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Set on the Elysian isle of Martha's Vineyardm among an insular community of proud and prosperous black families, Dorothy West's first novel for nearly fifteen years centres around the marriage of Shelby Coles, daughter of the community's foremost family to a struggling white jazz musician.Not just the story of one wedding, but of many, this thought-provoking and deeply interesting novel offers insights into issues of race, prejudice and identity while maintaining its firm belief in the compensatory power of love.
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The Wedding, Dorothy West's first novel in almost 50 years, is ably brought to life in this finely nuanced audio version. Writer and actress Regina Taylor (Courage Under Fire, Lean on Me, and TV's I'll Fly Away) uses her considerable talent to show off West's sensual and elegant prose to full advantage. The Oval, an elite African American community in 1950s Martha's Vineyard, sets the stage for the story of the impending nuptials of Shelby Coles, the golden-haired, fair-skinned youngest daughter of the neighborhood's leading family. Shelby's intended groom is Meade Tyler, a white jazz man with a far less upscale pedigree than his bride. (Like many grooms, Meade plays little role in the pre-wedding drama; the snippets of jazz that frame the reading are about as close as listeners get to meeting him.) Sparks fly in the few dozen hours before the wedding, when one by one those close to Shelby come to her to make a case for or against the controversial match. As new characters are introduced, Taylor succeeds in giving each a distinct personality through her reading.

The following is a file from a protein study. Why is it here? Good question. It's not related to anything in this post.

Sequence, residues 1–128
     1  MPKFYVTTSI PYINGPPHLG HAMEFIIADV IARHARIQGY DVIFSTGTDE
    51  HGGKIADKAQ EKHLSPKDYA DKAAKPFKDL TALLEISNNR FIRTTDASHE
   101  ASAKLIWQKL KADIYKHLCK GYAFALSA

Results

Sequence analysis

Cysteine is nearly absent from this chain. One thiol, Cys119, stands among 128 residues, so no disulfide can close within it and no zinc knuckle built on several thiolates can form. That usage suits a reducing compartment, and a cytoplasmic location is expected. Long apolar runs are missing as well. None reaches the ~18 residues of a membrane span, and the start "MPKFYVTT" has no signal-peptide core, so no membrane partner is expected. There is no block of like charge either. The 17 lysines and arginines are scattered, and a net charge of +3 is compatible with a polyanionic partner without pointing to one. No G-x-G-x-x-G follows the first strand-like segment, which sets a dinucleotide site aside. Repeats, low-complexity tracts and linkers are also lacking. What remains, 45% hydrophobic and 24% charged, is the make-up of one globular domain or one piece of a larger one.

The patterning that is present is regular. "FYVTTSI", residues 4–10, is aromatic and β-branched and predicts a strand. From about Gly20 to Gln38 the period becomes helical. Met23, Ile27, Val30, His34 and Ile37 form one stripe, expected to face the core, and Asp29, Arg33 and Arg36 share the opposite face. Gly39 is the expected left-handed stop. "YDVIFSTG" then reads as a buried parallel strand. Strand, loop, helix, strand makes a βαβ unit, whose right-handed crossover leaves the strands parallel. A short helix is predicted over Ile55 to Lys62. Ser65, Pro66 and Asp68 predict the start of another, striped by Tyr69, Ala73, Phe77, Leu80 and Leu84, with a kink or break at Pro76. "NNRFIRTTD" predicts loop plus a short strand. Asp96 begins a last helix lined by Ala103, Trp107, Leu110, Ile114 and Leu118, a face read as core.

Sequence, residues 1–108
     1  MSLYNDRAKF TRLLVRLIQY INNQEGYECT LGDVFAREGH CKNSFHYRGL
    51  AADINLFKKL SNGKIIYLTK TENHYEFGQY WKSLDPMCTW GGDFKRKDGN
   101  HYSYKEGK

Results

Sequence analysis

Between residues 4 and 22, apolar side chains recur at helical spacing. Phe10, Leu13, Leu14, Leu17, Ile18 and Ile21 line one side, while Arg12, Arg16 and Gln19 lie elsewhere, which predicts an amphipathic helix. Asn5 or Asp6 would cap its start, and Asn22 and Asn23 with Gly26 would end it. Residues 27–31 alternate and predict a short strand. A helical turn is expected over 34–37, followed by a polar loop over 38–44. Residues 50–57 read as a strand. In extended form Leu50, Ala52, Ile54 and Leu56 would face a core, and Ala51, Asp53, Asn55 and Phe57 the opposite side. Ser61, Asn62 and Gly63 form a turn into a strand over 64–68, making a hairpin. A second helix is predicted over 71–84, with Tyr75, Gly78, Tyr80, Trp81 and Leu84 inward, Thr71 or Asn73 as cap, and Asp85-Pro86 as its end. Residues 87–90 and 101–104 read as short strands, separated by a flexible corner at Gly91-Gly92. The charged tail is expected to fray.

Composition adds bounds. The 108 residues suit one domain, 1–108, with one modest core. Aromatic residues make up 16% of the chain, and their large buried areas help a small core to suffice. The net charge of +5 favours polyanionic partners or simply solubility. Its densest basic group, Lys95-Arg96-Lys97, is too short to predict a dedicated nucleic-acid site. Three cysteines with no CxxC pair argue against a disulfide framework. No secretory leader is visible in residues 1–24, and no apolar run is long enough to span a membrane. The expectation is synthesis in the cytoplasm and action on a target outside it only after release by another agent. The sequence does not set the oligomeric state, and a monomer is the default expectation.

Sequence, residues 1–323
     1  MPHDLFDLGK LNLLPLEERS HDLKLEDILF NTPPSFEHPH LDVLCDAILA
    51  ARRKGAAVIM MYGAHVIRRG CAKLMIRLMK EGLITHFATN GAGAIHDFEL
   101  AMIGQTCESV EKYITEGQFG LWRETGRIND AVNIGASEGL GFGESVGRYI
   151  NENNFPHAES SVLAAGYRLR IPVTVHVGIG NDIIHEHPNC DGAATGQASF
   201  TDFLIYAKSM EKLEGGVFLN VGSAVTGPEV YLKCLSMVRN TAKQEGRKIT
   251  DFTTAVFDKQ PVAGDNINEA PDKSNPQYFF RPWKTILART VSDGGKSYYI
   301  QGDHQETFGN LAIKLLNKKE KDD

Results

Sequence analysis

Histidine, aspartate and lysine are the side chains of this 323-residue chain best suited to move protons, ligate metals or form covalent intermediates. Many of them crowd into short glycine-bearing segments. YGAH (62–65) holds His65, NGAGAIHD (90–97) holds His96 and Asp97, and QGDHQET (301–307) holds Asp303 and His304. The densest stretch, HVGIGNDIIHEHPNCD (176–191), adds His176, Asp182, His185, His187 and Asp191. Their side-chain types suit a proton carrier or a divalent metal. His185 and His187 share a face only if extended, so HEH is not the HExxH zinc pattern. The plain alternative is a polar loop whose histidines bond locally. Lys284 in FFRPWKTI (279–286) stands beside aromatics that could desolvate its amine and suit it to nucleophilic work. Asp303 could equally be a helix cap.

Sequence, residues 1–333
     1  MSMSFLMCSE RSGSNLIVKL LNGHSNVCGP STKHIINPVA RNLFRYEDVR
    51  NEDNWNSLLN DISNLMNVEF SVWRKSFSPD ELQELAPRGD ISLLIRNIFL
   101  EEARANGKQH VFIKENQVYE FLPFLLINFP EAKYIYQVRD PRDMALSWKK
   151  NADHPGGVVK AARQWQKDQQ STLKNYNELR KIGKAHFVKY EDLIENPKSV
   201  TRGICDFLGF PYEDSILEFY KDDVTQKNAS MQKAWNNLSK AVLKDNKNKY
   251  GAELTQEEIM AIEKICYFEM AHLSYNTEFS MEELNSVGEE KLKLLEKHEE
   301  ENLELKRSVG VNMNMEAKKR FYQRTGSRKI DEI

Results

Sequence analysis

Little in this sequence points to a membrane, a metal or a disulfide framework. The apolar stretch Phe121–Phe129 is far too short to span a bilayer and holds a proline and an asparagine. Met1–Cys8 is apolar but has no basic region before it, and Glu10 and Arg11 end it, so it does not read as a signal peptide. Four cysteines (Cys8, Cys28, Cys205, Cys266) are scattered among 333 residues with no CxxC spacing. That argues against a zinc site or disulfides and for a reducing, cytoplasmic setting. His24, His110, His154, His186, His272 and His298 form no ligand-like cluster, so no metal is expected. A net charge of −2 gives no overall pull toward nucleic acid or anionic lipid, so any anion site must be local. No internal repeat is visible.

Shelby is dragged through a crisis of identity, while West skillfully steers listeners through an examination of the tangled and painful meanings of race and class in the United States, themes that still resonate today. Taylor's reading deftly renders the subtle distinctions between the characters and their backgrounds without ever descending into stereotype. (Running time: about 180 minutes, two cassettes) --Naomi J. CohnFrom the Publisher:
On the island of Martha's Vineyard in the 1950s there exists a proud, insular, nearly unassailable community known as the Oval, made up of the best and brightest of New York's and Boston's black bourgeoisie. Dr. Clark Coles and his wife Corinne, pillars of this community, are mortified that their youngest daughter Shelby is set on marrying Meade Wyler, a white jazz musician from New York. Equally alarmed is Lute McNeil, a successful black furniture maker from Boston who is new to Oak Bluffs and desperate for social acceptance. Lute has fallen in love with Shelby Coles, or at least the way of life she represents, and he will stop at nothing to pull her away from Meade. As the day of the wedding approaches, the tension surrounding Shelby, Lute, and Meade builds, climaxing in a single tragic act that will forever change the lives of three American families. The Wedding is a wise and heartfelt novel about the shackles of race and class we all wear and the price we pay to break them. It is also an unforgettable history of the rise of the black middle class, written by a woman who lived it. This wise, heartfelt tale marks Dorothy West's first novel in over four decades.
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